The RHONJ star has been married to Evan Goldschneider since August 27, 2006. They met at a bar in 2003, dated for about a year, and got engaged in 2004. Jackie and Evan share two sets of twins: Jonas and Adin, born on April 3, 2008, and Alexis and Hudson, born on September 16, 2010.

After their wedding, Jackie was eager to step into her role as Mrs. Goldschneider. She stood in line at the Social Security office, marriage certificate in hand, ready to signal her commitment to Evan and their shared future by formally adopting her new name.

Jackie and Evan got married on August 27, 2006
Jackie and Evan got married on August 27, 2006

Yet, in hindsight, she reflects on the ease with which she relinquished her maiden name. Despite her pride in her married name, she sometimes feels a pang of regret for not giving herself a choice in the matter.

This isn’t a matter of feminism for Jackie. As a strong woman, she gladly set aside her legal career to dedicate herself to motherhood and family life. Folding laundry and painting Easter eggs with her children were her chosen priorities. But the decision to change her name wasn’t something she truly chose. Instead, she felt conditioned to believe that a wife should adopt her husband’s last name to uphold tradition and avoid confusion for future children.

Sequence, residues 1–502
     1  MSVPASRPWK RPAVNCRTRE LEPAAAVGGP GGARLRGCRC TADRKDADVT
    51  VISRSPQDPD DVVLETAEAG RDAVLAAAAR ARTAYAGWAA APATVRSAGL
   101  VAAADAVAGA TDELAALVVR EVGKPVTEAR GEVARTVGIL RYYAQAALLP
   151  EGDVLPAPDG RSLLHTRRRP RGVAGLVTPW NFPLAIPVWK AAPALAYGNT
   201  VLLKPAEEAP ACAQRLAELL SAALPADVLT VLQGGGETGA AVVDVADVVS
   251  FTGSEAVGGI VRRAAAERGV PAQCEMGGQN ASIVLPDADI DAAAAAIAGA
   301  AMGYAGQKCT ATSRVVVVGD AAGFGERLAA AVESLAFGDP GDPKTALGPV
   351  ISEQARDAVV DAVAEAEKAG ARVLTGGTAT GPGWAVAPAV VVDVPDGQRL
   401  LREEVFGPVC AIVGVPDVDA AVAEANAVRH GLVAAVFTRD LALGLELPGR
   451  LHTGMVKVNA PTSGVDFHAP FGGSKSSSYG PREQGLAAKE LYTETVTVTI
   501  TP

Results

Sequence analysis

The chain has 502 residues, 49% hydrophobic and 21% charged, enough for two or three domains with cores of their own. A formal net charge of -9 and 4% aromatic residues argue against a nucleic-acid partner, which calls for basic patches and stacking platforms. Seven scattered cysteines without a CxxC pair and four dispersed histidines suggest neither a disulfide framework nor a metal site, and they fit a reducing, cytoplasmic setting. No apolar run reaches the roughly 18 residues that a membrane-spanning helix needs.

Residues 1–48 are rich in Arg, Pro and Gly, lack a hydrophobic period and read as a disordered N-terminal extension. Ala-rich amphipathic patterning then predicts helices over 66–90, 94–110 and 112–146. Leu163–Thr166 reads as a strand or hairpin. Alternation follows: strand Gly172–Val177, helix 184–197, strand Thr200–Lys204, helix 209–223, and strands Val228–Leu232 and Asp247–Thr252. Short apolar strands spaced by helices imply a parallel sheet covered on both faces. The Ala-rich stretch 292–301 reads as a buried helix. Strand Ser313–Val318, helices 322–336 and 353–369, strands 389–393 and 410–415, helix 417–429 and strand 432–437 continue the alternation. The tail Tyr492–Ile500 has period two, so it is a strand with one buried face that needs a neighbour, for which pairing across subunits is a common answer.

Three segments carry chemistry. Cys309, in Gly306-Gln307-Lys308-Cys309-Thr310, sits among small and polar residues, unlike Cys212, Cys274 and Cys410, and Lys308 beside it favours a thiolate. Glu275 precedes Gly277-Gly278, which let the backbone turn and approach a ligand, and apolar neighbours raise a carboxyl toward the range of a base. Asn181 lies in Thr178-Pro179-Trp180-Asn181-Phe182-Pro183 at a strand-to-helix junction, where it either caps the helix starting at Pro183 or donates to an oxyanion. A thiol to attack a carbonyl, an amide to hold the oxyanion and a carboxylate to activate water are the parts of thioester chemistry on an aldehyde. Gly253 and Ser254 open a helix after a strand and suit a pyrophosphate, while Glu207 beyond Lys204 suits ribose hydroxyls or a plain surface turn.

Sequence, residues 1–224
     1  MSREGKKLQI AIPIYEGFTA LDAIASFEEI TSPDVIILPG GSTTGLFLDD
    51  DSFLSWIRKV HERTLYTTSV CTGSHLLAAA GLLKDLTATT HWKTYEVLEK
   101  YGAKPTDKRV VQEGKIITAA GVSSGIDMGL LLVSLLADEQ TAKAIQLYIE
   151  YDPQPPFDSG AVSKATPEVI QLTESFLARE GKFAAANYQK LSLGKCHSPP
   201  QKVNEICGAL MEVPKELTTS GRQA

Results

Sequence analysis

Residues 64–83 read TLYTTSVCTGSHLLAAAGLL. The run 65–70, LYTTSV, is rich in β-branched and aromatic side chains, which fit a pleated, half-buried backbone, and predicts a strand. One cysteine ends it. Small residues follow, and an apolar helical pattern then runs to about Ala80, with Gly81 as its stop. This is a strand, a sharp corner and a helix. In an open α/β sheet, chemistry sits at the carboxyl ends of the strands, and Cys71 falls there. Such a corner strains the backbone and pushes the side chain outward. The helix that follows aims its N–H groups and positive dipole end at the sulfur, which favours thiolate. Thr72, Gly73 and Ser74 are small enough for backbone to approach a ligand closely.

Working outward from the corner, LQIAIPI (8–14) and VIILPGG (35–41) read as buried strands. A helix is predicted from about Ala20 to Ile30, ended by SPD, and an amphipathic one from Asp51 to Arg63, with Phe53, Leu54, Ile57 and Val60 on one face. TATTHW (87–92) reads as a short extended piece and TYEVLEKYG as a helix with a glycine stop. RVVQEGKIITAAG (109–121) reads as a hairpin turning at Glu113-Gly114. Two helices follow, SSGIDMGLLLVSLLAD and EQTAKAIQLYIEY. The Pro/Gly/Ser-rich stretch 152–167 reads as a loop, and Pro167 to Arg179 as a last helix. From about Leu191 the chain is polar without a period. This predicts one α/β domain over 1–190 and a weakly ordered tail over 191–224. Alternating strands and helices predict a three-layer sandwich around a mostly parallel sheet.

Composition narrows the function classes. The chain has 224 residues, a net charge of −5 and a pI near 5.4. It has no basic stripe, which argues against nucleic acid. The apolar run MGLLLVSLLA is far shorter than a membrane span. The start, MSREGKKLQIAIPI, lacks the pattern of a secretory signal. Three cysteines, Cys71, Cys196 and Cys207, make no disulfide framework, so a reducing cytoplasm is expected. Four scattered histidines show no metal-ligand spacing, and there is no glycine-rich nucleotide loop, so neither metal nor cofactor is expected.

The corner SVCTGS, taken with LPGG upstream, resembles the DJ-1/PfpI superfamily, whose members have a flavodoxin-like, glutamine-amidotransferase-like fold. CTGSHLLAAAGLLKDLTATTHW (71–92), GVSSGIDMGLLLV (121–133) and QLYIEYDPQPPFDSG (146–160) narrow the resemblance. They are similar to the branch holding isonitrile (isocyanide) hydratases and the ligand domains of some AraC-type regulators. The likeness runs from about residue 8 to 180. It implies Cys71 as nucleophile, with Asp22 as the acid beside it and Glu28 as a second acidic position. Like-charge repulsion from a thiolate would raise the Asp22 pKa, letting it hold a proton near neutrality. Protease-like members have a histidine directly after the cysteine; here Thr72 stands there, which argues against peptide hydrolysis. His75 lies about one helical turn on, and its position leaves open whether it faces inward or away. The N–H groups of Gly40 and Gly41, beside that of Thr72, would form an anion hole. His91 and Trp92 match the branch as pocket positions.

Now, over 17 years later, Jackie has built a life under her married name and won’t be changing it back. However, she hopes her daughter will make a choice that she didn’t feel free to make.

Jackie with her husband Evan and their four children
Jackie with her husband Evan and their four children

Jackie wants her daughter to understand that one’s name doesn’t determine their love for a partner or connection to their children. Ultimately, she wishes for her daughter to choose freely and with confidence.

Your writing is clear, and the subheading “She Is A Proud Jew” aligns well with the content, emphasizing Jackie’s pride in her heritage and family history. However, to strengthen the connection between the subheading and the content, consider refining the introduction a bit to directly link her pride to her writing. Here’s a slight adjustment:

About Author: Atticus

Atticus boasts more than seven years of expertise as a writer specializing in the entertainment sector. He possesses a profound knowledge of film, music, and television, crafting compelling stories that engage a wide-ranging audience. His writing is both accessible and enlightening, simplifying intricate subjects for readers from various walks of life.